Lake Ray Hubbard is a 35-square mile, 21,671 acre reservoir located within Dallas, Rockwall, Collin and Kaufman Counties in Texas. It measures about 8 miles long, from Collin Co. in the north to Kaufman Co. in the south; and about 4 miles wide, from Rockwall and Heath in Rockwall County on its eastern shores to Rowlett, Garland and Sunnyvale in Dallas County on its western shores. Two forks spread several miles northwest into Rowlett. Its maximum depth is 40 feet. In a survey conducted by Texas Parks & Wildlife in 2012, Lake Ray Hubbard was voted the #5 “Best Overall Reservoir” in Texas.
It was designed and made in 1968 when the East Fork Trinity River was impounded by the two-mile long Rockwall-Forney Dam on the south side of the lake to provide water to the North Texas region. The lake was named after Ray Hubbard, who presided over the Dallas Parks and Recreation System board from 1943 to 1972, after the city of Dallas incorporated it.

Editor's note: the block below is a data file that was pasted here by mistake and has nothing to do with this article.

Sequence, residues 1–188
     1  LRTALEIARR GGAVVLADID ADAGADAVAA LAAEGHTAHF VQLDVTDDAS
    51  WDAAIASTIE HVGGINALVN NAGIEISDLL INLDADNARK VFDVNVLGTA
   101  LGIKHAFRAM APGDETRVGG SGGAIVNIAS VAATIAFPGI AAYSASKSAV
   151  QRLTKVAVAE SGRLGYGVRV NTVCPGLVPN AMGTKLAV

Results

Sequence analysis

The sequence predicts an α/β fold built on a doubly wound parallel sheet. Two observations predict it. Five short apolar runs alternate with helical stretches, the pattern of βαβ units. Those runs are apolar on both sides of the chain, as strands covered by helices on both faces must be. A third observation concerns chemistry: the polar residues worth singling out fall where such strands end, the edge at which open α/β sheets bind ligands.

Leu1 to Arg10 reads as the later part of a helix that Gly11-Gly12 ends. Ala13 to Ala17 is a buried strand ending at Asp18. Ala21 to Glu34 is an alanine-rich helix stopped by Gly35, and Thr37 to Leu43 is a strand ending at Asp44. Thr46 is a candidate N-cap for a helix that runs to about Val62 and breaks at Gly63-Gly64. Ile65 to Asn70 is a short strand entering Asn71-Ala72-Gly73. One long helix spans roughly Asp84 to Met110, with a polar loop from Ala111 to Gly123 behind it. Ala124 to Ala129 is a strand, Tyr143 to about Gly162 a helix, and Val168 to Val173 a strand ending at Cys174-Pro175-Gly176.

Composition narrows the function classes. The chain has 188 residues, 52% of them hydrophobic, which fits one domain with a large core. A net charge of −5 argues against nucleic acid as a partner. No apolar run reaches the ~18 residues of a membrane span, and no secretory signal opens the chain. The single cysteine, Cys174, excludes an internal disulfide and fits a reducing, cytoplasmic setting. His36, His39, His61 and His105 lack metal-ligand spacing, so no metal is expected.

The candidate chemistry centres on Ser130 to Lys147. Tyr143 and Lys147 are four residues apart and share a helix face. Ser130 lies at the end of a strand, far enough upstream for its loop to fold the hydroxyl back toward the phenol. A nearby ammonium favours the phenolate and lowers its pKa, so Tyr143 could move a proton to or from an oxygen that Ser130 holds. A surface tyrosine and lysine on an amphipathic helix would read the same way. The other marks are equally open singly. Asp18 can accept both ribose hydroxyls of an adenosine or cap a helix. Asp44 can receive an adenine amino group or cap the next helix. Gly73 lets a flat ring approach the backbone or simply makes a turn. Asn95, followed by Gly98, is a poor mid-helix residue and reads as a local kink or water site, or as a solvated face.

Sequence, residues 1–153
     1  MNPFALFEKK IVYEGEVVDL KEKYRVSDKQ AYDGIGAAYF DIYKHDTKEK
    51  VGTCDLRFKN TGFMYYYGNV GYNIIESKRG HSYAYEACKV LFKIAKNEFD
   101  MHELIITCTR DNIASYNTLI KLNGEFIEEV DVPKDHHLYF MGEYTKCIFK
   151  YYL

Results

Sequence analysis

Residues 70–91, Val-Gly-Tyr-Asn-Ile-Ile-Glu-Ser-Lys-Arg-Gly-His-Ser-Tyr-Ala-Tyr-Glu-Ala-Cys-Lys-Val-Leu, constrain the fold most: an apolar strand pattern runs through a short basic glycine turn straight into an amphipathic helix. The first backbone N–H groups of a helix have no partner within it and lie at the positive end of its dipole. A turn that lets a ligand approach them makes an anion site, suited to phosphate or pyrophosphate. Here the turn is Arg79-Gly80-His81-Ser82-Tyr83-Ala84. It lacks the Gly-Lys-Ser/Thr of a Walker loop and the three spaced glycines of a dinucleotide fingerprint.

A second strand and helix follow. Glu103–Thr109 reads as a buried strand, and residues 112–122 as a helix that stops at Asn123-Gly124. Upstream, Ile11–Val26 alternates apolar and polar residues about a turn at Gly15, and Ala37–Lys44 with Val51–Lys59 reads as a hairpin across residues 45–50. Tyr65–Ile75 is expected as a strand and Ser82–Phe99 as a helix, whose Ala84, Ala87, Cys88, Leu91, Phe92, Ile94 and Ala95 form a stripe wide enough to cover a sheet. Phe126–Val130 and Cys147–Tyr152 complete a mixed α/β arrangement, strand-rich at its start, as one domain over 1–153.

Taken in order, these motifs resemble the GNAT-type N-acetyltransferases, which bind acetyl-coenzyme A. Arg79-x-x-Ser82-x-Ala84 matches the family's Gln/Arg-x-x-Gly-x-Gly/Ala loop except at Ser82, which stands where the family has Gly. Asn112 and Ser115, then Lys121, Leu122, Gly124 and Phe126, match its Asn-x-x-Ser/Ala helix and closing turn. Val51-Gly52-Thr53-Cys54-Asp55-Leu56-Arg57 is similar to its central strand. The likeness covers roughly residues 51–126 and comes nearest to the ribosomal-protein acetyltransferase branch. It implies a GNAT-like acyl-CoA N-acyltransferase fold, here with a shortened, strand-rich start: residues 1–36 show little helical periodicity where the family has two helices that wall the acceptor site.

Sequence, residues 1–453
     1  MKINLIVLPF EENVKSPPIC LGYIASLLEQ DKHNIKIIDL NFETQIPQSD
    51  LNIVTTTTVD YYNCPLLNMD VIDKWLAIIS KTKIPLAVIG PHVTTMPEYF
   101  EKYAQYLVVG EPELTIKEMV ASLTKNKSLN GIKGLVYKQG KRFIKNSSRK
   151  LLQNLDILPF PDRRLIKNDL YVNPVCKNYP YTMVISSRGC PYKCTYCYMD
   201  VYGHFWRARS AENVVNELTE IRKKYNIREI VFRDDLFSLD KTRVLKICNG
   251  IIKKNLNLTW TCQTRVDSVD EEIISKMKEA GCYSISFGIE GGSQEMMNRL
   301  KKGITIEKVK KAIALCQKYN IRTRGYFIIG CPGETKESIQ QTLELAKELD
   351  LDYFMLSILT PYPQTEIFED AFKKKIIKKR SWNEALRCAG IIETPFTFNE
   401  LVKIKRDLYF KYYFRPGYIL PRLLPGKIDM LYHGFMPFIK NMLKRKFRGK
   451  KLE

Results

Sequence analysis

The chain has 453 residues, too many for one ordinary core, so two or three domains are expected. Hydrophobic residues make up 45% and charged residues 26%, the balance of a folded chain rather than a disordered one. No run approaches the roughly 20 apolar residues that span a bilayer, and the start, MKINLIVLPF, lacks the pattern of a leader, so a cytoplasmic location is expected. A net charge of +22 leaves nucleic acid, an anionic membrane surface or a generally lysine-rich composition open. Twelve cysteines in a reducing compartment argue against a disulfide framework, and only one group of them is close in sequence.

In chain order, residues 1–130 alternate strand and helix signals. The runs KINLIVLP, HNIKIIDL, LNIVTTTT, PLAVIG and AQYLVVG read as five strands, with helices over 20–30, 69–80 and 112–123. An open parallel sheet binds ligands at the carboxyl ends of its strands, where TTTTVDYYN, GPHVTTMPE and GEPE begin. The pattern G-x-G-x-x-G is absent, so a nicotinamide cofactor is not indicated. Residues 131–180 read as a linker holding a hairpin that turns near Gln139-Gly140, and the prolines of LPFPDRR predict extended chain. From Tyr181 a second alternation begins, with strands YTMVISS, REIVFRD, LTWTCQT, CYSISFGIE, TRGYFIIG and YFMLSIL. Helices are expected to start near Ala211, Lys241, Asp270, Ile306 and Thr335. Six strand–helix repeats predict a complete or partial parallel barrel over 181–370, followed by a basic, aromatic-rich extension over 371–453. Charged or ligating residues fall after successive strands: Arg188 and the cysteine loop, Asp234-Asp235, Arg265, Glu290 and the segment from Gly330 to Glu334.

The lake is well known for excellent fishing and sailing. It contains a large population of largemouth bass, hybrid striped bass, white bass, channel catfish, blue catfish, and white crappie. The largest fish ever caught here was a 65 lb. flathead catfish in 1992. A 61 lb. blue catfish was caught in 2007. In the area above Interstate 30, standing timber is the most abundant structure and cover in Lake Ray Hubbard. Hydrilla is very sparse and found only in certain areas. The rock riprap along roadways that cross the reservoir is excellent for fishing.
In the cooler months, the heated discharge area on the west side south of I30 is a good place to fish for all species on Ray Hubbard. Humps and points that extend into the lake are your best bets for largemouth bass, hybrids and white bass. Largemouth bass can also be found around vegetation or along riprap. Look for submerged brush piles for crappie. Look for white bass schooling in the lower lake in the summer.